Exhibit B: The uprising of Tibetans in Lhasa has seen The Hindu go overboard, censoring, blacking out, polishing and giving a spin to everything, as if it is China’s National Newspaper, not India’s. And this after a recent piece on the Dalai Lama resulted in a Tibetan protest in front of the head office of the paper.

Just one example will suffice. On the day, the Dalai Lama was talking of “cultural genocide“, on the day The Times of India was saying that “Tibet unrest spreads beyond Lhasa“, The Hindu was saying, “Lhasa returns to normality“.

Result: “The Mahavishnu of Mount Road” is collecting labels by the lorryload. B. Raman calls the paper the “People’s Daily of China“. Nitin Pai calls the paper “Beijing’s Mouthpiece“.

Which is all so surprising.

When N. Ravi and Malini Parthasarathy were removed as editor and executive editor of the paper in an overnight bloodless coup in 2003, and replaced with N. Ram, joint managing director N. Murali (elder brother of Ram and Ravi) was quoted as saying this: “It is true that our readers have been complaining that some of our reports are partial and lack objectivity.”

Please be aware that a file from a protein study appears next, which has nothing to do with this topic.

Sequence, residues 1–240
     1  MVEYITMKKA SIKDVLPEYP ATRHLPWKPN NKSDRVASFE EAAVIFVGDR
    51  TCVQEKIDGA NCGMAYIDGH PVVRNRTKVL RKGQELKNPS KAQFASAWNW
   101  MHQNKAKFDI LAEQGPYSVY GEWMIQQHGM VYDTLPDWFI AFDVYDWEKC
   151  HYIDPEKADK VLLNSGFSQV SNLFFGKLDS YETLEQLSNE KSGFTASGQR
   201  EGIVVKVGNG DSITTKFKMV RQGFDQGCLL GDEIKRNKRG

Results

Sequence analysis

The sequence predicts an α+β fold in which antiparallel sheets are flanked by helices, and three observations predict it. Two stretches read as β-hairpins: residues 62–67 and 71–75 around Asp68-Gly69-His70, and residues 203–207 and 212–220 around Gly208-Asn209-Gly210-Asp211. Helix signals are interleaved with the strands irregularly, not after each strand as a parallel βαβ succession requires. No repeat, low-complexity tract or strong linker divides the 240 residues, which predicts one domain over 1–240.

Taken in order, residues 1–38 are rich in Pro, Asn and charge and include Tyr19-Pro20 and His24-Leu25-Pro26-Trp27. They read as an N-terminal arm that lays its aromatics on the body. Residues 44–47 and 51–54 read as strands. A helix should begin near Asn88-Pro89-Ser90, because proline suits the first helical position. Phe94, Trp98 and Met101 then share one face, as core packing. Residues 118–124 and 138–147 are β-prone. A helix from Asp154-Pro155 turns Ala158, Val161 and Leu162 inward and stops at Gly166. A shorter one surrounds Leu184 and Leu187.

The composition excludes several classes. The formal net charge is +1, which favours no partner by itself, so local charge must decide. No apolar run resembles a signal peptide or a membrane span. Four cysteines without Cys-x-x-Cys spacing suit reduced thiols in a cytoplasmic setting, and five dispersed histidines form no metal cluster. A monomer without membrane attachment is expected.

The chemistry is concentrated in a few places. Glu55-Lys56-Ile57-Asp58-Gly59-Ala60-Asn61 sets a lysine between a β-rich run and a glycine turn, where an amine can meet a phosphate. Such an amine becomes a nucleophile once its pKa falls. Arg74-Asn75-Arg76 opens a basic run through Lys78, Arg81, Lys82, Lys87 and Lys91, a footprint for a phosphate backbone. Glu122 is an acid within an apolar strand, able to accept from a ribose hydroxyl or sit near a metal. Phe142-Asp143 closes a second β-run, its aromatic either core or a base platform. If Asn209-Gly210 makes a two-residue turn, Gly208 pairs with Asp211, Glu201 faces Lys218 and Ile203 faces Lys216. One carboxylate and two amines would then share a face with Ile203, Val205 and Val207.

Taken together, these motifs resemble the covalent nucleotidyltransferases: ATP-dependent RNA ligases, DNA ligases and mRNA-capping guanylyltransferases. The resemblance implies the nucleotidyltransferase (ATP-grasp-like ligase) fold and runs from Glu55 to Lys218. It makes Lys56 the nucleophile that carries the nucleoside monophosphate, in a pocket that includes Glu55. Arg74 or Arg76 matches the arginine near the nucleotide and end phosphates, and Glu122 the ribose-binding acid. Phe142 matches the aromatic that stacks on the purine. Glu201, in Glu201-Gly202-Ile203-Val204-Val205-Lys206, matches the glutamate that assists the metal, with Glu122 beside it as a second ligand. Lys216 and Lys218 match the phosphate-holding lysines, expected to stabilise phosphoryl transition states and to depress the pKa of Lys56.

The Hindu is open to precisely the same charges of partiality and lack of objectivity now. In fact, if anything, things have only gotten far worse. And this when Deccan Chronicle is around and this when The Times of India is slated for launch soon. Yet there is not a whisper at what this motivated and slanted coverage is doing to the core strengths of a great newspaper, built over 125 years by the sweat and toil of scores of journalists and non-journalists.

A newspaper is entitled to its views, of course, but when it starts twisting and distorting the news to suit the ideological inclinations of those at the helm, and his ideological blood-brothers, we have a problem on hand.

As it is, some newspapers now sell their editorial space to the highest bidder, there are wheels within wheels in advertising, and so on. If a newspaper, revered and trusted by hundreds of thousands of South Indians, joins the ranks, we have Big Trouble in Little China indeed.

Either we could be seeing a great institution being dismantled, brick by red brick, or we could be seeing the end of a free, fair, unbiased, vibrant media. Or both.